We were in Burlington VT this past weekend to see my son, his wife and new baby. My son is an amateur athlete. He was a competitive cyclist through high school, college and beyond, and then got into running. Lately he has participated in triathlons. He qualified for the amateur Triathlon Championship this year, which happened to be in Burlington this past weekend.
Triathlete on left; fan (aka Dad) on right.
The triathlon consisted of a 1.5k (.9 mile) swim in Lake Champlain, a 40k bike loop (24 miles) and a 10k (6 mile) run. It was a beautiful day as probably thousands of observers lined the route. We found a prime spot in Waterfront Park, watching the athletes complete their swim and run toward the transition area, peeling off wetsuits and grabbing their bikes.
Groups were divided by age and gender. I walked close to the transition area in an attempt to catch my son leaving the swim and running towards his bike. What amazed me was the older women athletes; women in their 60s and 70s and some competitors in their 80s.
How can they do that? The constant training and exercise boggles my mind. I cannot imagine older men and women pushing themselves and competing in these punishing races. What drives them? I imagine they are in great shape, but…
Older women athletes are becoming more common and participate in a variety of sports. Diana Nyad, 61 and previously a world-class long distance swimmer, attempted to swim 103 miles from Cuba to Florida in early August. A combination of weather and physical problems forced her to quit halfway through, but the fact that she had the physical fortitude, endurance and discipline to try amazes me.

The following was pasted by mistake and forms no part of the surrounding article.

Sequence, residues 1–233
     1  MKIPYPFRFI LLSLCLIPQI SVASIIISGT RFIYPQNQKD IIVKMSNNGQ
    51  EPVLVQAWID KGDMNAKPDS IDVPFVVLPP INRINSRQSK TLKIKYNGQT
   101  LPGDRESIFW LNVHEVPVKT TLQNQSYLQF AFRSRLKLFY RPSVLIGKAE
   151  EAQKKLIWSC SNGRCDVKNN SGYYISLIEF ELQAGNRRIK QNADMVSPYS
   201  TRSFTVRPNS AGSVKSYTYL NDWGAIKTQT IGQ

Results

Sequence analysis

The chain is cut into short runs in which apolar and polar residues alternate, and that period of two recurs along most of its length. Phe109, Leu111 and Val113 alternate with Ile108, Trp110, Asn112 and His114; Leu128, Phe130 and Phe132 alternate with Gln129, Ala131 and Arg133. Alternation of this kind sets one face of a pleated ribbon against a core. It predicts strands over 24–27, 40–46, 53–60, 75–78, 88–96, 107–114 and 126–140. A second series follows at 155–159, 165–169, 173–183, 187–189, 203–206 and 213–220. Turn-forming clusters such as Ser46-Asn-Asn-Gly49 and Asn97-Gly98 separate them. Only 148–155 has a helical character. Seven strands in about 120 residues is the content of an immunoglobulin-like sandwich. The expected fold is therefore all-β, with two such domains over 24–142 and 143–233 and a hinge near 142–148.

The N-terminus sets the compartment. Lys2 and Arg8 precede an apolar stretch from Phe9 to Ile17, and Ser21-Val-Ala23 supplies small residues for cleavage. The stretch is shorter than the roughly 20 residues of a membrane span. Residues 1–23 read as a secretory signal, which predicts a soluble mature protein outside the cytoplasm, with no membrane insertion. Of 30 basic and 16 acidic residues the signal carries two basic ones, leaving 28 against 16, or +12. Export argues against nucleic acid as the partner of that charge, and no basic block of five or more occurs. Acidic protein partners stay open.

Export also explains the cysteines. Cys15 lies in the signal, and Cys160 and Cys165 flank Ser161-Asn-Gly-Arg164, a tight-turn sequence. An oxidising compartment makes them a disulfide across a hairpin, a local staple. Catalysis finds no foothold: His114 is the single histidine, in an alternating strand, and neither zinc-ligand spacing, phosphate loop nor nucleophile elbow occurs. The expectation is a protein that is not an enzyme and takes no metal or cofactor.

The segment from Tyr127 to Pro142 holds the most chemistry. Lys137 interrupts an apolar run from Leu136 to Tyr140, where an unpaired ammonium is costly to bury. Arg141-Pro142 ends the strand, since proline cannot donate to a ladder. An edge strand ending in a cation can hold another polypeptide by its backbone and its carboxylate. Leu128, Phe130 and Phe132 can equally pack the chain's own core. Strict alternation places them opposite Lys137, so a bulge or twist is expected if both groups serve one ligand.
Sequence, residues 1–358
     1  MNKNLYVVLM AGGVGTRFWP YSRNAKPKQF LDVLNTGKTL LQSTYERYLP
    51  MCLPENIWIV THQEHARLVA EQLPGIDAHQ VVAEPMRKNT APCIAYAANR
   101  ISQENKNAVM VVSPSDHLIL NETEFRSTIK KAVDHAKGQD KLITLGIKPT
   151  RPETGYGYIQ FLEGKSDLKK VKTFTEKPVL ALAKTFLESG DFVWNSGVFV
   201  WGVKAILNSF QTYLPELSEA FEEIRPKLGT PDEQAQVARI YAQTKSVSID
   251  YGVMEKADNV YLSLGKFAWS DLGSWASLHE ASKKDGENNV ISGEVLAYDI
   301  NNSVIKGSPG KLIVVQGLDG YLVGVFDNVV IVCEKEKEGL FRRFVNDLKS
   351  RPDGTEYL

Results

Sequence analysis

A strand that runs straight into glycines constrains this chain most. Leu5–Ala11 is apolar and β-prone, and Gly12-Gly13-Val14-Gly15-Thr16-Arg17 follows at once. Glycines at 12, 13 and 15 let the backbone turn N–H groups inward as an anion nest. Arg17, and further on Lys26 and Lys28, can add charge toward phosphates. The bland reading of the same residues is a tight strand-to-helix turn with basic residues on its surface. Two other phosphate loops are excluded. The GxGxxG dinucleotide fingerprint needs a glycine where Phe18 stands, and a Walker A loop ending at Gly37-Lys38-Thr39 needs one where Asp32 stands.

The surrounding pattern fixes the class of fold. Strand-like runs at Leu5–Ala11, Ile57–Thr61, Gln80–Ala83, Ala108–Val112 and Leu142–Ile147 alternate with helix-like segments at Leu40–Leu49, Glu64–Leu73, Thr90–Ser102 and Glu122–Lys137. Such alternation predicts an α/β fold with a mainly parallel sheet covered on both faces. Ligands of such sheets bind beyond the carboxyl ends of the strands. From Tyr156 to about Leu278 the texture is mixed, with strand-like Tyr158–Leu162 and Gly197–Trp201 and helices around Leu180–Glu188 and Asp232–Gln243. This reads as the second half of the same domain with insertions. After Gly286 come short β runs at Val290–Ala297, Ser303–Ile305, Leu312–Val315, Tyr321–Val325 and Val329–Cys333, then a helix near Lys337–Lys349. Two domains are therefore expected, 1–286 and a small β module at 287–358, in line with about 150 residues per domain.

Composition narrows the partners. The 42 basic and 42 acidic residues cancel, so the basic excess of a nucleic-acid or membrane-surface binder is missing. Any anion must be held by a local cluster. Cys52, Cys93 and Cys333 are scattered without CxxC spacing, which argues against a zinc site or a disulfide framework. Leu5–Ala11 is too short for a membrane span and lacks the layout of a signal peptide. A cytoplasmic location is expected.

A nun and triathlete, Sister Madonna Buder, currently in her 80s and still competing, began running in 1978 and has not stopped. She has competed in the Hawaii Ironman Triathlon several times and was the first woman competitor in the 75-79 age group.
Then there is 91-year-old Canadian Olga Kotelko, world record holder in several outdoor track categories. She and hundreds of other older competitors descended on Finland in 2010 for the world outdoor masters track championships. Currently a group of doctors and sports training professionals are studying her to find out the secret to long-term good health and physical fitness.
Studies indicate that we – men and women – begin losing our lung capacity in our 40s and muscle tone in our 50s. A slow physical descent occurs until approximately age 75. Then the descent usually becomes a precipitous slide downhill. Professionals are trying to figure out why, studying athletes like Olga Kotelko, who seems to have bucked the trend, seeking the secret to physically fit longevity.
I am sitting on a comfortable couch, computer on my lap, coffee drink on the table, finishing my bagel, reading and writing about physical activity. I did attend Zumba class this morning, but it pales compared to the athletic prowess and feats of others my age and a lot older.
And so I marvel at the accomplishments of others, and realize I doubt I can do it myself. My hub and I look at each other when watching my son compete – where did he get those genes, that motivation and discipline?
Not from us.
My older son in second grade had to write an autobiography. He described himself as follows:
“I am tall and thin, unlike both my parents.”
That about sums it up - physical description and lifestyle.
For the record, my son finished 21st in his age category (30-34), an awesome achievement!